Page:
As suggested in the comments, you could say
A disjoint union of complete graphs
A graph whose connected components are complete
These graphs are also precisely the graphs whose edges induce an equivalence relation. So rather than study $G$ as a graph, you could study it as a set with an equivalence relation:
Let $G$ be a set with an equivalence relation $\sim$.
This of course assumes that $G$ has no loops, and $a \sim a$ is understood for all $a \in G$.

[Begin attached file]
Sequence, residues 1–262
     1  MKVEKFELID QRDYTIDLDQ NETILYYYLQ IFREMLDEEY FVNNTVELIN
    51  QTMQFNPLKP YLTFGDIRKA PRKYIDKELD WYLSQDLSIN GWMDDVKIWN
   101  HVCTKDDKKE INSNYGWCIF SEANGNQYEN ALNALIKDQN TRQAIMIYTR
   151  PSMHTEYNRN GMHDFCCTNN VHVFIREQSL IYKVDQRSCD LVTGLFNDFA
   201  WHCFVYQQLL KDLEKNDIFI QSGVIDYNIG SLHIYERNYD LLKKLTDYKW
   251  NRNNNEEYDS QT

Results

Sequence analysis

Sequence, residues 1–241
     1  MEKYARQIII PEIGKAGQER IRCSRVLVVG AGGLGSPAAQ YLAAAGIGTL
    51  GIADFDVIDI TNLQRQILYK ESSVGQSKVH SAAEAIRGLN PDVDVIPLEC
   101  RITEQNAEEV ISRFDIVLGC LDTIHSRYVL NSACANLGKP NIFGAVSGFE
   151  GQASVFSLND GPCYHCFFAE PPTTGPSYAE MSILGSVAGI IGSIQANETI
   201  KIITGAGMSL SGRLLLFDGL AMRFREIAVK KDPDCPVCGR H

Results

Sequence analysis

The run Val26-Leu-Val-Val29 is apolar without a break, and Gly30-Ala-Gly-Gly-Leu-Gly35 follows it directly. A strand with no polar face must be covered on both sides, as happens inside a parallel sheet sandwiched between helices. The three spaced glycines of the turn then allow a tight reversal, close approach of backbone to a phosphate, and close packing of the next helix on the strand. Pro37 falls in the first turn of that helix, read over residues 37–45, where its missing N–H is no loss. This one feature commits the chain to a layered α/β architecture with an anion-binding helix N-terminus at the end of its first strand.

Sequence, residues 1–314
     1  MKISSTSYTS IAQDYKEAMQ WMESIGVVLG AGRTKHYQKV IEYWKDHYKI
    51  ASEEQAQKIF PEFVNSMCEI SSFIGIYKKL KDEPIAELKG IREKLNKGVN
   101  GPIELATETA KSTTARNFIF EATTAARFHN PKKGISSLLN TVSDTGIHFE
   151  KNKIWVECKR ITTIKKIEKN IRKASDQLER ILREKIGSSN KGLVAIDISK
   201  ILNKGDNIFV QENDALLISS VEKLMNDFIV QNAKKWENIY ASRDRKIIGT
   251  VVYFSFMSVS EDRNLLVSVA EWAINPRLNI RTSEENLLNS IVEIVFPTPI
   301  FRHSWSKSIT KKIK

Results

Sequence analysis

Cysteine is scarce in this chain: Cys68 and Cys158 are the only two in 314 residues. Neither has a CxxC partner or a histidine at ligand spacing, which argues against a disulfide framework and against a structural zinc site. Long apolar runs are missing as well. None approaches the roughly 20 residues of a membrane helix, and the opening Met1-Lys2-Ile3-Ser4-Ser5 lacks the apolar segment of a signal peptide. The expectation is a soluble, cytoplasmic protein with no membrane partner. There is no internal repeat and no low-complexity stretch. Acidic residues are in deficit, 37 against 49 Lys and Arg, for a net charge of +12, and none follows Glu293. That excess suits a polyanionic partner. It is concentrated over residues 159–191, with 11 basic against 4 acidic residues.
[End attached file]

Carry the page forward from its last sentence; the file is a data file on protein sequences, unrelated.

If $G$ is directed, then the property is a little more interesting;
in this case what you have is basically a set with a preorder:
Let $G$ be a set and let $\le$ be a preorder on $G$.
A directed graph can be understood as a set with a binary relation;
An undirected graph (allowing loops) can be understood as a directed graph whose binary relation is symmetric;
A undirected graph where loops are not allowed can be understood as a directed graph whose binary relation is symmetric and reflexive;
Your property is equivalent to the relation also being transitive.